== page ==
Celsius Network: Final report from the examiner — lies, incompetence and Ponzi schemes

By Amy Castor and David Gerard

Shoba Pillay, the court-appointed examiner in the bankruptcy of Celsius Network, filed her final report in the early hours of January 31 — with 476 pages of the report itself and over 200 pages of appendices. [Examiner Report, PDF]

Pillay’s interim report in November 2022, on who owned cryptos in Custody or Earn accounts and under what conditions, was wild enough. And that was before Pillay looked into whether Celsius was operating as a Ponzi scheme.

We recommend you read at least the 30-page executive summary of this report. It reads like a criminal indictment. It isn’t one, but Pillay, a former federal prosecutor, knew exactly what sort of document was needed.

Pillay got access to Celsius’ documents, accounts — such as they were — and internal email and Slack archives. But Celsius employees also spilled their guts to her. Even Celsius CEO Alex Mashinsky was sure he could talk his way through this one.

So many blatant crimes were confessed. It leaves Sam Bankman-Fried’s recent “my crimes” press tour in the shade.

Celsius was not just fraudulent. It was an utterly incompetent investment business. The collapse of Terra-Luna was the death blow, but the company had never been healthy, profitable, functional, or even solvent at any point.

We were 100% correct when we predicted that Celsius would be worse than anyone imagined. Though to be fair, this was like predicting 4 from 2+2, or  “Ponzi” from “Alex Mashinsky.”

Mashinksy ignored everything his well-meaning employees told him, overruled all warnings, and blatantly lied to customers. This guy belongs in a cell.



History of a scam

Celsius was founded in 2017 by  Alex Mashinsky, Daniel Leon, and Nuke Goldstein. The original idea was to start a peer-to-peer crypto lender, but they pivoted to an investment scheme. Customers would deposit crypto and Celsius would invest it and pay the customers interest — up to 18%.

Mashinsky told Pillay how he came up with his crypto business:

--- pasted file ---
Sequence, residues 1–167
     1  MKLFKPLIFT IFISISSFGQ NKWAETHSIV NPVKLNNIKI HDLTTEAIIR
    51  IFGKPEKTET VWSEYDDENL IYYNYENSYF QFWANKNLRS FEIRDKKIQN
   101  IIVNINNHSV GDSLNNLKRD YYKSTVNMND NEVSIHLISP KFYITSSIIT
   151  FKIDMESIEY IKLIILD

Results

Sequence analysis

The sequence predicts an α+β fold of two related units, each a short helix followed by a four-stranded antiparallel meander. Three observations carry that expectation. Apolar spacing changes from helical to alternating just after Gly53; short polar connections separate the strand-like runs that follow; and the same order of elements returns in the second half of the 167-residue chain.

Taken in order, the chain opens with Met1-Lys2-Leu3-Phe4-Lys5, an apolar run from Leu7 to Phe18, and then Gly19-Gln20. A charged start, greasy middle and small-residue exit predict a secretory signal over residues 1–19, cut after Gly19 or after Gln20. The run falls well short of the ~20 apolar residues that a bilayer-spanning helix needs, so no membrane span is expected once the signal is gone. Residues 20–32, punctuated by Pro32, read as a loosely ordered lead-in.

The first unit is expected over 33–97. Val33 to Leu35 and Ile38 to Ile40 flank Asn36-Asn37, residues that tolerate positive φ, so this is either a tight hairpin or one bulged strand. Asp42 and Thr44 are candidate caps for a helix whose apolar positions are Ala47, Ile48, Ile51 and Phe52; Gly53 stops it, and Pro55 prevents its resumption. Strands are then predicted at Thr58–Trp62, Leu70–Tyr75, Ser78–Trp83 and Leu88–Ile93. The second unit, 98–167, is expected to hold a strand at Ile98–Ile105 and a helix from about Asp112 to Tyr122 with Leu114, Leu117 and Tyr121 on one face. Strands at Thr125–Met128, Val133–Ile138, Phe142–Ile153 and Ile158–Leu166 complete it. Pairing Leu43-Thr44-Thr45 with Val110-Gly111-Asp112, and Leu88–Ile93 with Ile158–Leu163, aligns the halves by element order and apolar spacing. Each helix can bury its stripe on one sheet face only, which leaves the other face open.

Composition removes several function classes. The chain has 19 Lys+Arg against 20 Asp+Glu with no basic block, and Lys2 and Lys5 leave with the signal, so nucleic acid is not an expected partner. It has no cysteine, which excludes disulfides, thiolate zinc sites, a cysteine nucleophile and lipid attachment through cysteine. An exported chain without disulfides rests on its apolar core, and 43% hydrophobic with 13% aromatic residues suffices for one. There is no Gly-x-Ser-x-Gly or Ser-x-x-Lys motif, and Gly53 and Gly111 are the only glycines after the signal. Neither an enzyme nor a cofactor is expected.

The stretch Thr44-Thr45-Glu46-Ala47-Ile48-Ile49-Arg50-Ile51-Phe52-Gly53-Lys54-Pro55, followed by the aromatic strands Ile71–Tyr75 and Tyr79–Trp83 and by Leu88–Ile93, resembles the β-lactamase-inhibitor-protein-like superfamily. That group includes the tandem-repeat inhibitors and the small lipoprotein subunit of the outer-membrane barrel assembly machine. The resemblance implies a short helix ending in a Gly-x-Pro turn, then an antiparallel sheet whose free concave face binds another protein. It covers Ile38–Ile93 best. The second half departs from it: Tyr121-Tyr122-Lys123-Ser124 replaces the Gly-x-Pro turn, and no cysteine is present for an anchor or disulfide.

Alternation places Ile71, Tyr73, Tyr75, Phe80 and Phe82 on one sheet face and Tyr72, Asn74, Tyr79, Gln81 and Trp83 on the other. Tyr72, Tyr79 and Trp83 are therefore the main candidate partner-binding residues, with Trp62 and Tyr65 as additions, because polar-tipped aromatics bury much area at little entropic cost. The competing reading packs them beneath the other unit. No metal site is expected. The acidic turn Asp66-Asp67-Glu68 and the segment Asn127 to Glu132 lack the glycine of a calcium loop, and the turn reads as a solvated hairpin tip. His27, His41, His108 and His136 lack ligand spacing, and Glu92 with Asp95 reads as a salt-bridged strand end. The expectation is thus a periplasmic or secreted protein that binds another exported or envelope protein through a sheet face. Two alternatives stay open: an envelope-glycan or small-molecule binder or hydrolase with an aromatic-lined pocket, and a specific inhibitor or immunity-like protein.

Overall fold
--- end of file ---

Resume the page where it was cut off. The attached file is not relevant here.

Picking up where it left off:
Mr. Mashinsky was a technology sector entrepreneur without experience or formal training in the financial industry and to whom crypto was a “totally new field.” Mr. Mashinsky said that, as he formed Celsius, he relied on his self-described “unique skill” to “project into the future and imagine what the world is going to be like.”

In 2018, Celsius told customers that they had raised $50 million by selling their CEL token in an initial coin offering. They didn’t — they only raised $32 million. But they didn’t want to shake investor confidence. That was Celsius’ first lie, and possibly its smallest.

Including its ICO, Celsius raised $741 million from investors  — and it spent a good deal of those equity funds buying CEL tokens.

Mashinsky talked up Celsius’ profits and benefits to customers — helped by crypto “journalists” who did their bit to pump an incredibly obvious fraud. Interest rates of 18% can’t possibly be real, and Mashinsky’s refusal to tell anyone how he invested their money was a huge red flag. But the crypto press didn’t care. [CoinDesk, 2018; CoinDesk, 2019]

In fact, Celsius was never profitable at any point — and if you don’t count the value they claimed for their own CEL tokens, the company was insolvent for its entire existence.

In the two days before Celsius froze withdrawals on June 12, 2022, it had $428 million in withdrawal requests and its liquidity had run dry — due in part to a crash in its CEL token.

Celsius filed for bankruptcy on July 13, 2022, with a $1.2 billion hole in its books. They currently owe clients and creditors $5.5 billion.

CEL and the flywheel

CEL was Celsius’ own made-up token — even Mashinsky described CEL to Pillay as “airline miles.” It was how Mashinsky and other insiders made their millions. After the ICO, they held substantial amounts of CEL.

Manipulating the CEL token was Celsius’ main business, and that’s what the company spent all its time and money on. There was no organic market demand for CEL. Celsius was the only substantial buyer of CEL at any time.

If you must talk about your company doing something illegal, you do it behind closed doors. You don’t put it into company emails or text chat, which can be used as evidence against you. But Celsius employees did this routinely.